FIRST it was the Lumsden Maternity Centre and now the future of Te Anau’s air ambulance helicopter service is in doubt.
“In a short space of time, we are losing both the Lumsden Maternity Centre and the rescue helicopter base,” Te Anau GP of 11 years Paula King said.
“It is so demoralising.
The National Ambulance Sector Office (NASO), a joint office between ACC and the Ministry of Health (MoH), is proposing to establish a new streamlined and sustainable model for air ambulance services in centralised locations, which excludes a base in Te Anau.
If the proposal goes ahead, rescue helicopter services for Te Anau, Fiordland and Western Southland would be based out of Queenstown.
“We do support a dedicated helicopter in Queenstown. It would be a welcome addition to the service, but not as a replacement [to the Te Anau base],” Dr King said.
Under the proposal, the only personnel who could accompany the rescue helicopter would be doctors with a background in intensive care and emergency medicine, thereby excluding GPs from providing medical support.
At present, four GPs and one nurse practitioner in Te Anau provide medical support for the air ambulance helicopter service.
Dr King said for patients with minor injuries, such as sprained ankles and broken bones, it was “nonsensical” and an inefficient use of overskilled personnel.
It would also result in medical staff in Te Anau becoming deskilled in advanced level care, she said.
At least once a year there were incidences where multiple rescue helicopters were required in the Fiordland area, either at a scene with multiple victims or where several incidences occurred simultaneously, she said.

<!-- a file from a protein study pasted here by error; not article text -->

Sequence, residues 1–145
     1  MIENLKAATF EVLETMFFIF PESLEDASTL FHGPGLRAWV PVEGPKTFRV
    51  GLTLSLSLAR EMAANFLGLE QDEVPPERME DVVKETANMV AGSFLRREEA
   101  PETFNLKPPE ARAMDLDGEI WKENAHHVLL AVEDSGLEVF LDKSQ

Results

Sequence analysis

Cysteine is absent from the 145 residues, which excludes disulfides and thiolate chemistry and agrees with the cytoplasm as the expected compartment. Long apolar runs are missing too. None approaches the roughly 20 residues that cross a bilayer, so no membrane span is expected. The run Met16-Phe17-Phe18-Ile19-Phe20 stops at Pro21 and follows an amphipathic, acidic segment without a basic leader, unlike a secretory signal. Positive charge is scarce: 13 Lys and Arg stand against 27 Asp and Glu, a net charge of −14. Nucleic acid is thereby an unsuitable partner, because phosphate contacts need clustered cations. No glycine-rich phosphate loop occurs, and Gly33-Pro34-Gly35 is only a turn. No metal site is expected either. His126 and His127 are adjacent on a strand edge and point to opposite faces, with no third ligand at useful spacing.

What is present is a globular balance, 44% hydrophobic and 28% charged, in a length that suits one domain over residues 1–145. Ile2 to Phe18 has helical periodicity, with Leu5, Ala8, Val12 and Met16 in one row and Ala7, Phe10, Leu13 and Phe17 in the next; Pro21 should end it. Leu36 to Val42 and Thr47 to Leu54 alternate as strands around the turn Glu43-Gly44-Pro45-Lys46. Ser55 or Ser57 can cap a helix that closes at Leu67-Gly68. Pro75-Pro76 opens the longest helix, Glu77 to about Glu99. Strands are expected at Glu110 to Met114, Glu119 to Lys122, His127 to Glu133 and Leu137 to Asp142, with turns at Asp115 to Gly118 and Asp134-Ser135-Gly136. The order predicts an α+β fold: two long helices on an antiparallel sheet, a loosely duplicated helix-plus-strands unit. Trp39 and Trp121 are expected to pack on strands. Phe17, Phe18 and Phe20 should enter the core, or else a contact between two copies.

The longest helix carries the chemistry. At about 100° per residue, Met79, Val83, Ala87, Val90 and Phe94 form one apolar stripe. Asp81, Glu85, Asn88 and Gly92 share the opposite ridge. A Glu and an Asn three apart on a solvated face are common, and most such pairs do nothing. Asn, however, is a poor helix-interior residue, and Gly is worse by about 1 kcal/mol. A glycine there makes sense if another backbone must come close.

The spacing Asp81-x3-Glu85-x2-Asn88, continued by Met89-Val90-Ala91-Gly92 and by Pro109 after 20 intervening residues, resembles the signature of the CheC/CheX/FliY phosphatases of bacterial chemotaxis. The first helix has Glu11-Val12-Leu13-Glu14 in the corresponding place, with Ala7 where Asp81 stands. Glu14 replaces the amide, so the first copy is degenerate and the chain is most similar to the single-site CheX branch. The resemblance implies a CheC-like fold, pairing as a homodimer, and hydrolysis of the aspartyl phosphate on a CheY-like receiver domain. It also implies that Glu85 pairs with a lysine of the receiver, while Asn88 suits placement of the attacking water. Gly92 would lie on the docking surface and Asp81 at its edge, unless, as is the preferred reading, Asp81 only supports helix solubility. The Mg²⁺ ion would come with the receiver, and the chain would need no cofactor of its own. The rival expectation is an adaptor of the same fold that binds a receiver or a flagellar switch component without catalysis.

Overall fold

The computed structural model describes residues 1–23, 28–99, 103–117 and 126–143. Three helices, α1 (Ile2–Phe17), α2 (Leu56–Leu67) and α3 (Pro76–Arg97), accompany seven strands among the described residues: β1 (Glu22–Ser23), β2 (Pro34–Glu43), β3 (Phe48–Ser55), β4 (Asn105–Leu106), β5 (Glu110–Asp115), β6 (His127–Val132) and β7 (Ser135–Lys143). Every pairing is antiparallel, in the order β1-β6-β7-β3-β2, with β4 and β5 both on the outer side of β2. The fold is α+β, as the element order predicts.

“The majority of patients will wait longer for retrieval due to a reduced number of machines covering the area and a reduced number of suitably qualified personnel available.
“It is going to make a mockery of our service if we cannot respond in a sensible timeframe.”
Lakes District Air Rescue Trust chairman Jules Tapper said 200 rescue missions were based out of Te Anau last year, the vast majority of which were for NASO and MoH.
“We are terribly disappointed Te Anau has been left out of the mix in the tender document and terribly disappointed the work of Sir Richard Hayes, who has been knighted for goodness sake, has not been recognised.
“He has made an extraordinary contribution [to air rescue].”
Sir Richard, who has 40 years’ flying experience, is the managing director of Heliworks Queenstown and Te Anau’s Southern Lakes Helicopters, which is subcontracted to the trust to provide air rescue services in the region.
Federated Farmers New Zealand president Katie Milne said saving lives was more important than saving dollars.
If a future service was run out of Queenstown, it would add 20-25 minutes of flight time to rescues in Fiordland, she said.
“We know every minute counts in the so-called ‘golden hour’ after a serious accident or emergency. And that’s assuming the weather is playing ball and a helicopter from Queenstown can get up and over the mountains.
“Local knowledge of terrain and conditions can be absolutely vital when the search is on for an injured farmer, road smash victim or hypothermic tramper,” she said.
Tenders for the new service close on Monday, with the new service expected to be operational by November 1.